From Human to Robo-Advisers (and Back Again)

Machines are meant to take most every job away from humans, or so the common sentiment (and frequent media buzz) declares. In financial services, this trend is nothing new; decades ago, the advent of the automated teller machine was supposed to herald the demise of the bank branch.

More recently, the rise of tech innovation has caused something of an existential crisis in the financial advisory space, with new digital tools changing the traditional adviser/client relationship. The rise of the robo-advisers meant that for many retail investors — specifically low-to-medium-dollar investors -— interaction with a human wasn’t needed. An algorithm that knows some basic info about your investing risk threshold and goals could do the job for you. Just set it and forget it, to borrow a phrase.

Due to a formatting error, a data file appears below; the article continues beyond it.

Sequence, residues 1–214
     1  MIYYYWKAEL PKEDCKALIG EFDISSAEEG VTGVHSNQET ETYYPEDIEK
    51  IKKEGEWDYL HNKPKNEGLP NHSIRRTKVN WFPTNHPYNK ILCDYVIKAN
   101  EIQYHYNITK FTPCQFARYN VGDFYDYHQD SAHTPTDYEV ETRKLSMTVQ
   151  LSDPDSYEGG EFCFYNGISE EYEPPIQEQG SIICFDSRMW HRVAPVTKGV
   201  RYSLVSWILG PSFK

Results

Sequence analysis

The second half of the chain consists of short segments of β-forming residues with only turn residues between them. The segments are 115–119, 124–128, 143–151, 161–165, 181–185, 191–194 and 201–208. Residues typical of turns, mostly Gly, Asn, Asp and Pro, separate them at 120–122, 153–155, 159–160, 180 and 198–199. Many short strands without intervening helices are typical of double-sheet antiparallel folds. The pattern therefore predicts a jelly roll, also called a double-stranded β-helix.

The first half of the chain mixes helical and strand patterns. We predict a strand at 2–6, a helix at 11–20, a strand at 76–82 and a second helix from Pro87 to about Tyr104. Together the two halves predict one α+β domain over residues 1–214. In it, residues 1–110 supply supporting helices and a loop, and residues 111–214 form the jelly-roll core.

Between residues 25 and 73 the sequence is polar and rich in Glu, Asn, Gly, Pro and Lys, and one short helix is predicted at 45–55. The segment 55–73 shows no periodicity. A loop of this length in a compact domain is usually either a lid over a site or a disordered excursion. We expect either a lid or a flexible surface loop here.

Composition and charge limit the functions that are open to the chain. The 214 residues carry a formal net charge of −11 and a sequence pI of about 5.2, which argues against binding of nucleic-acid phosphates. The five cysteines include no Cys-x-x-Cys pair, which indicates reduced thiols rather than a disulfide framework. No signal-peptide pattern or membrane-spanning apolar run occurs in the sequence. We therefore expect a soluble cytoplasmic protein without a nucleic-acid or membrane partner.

Well, it seems the tide may be shifting back again — or at least halfway back. Bank of America Merrill Lynch announced this week it will soon be adding human advisers to its digital advice platform, Merrill Guided Investing. The advisers will “fill a service gap between the firm's purely digital, self-directed robo-adviser and the full-service advisers of Merrill Lynch Wealth Management,” according to InvestmentNews. While technology and automated services will no doubt continue to play a critical role in the delivery of financial services, perhaps we will reach a pleasant middle ground where robots and humans exist happily side by side.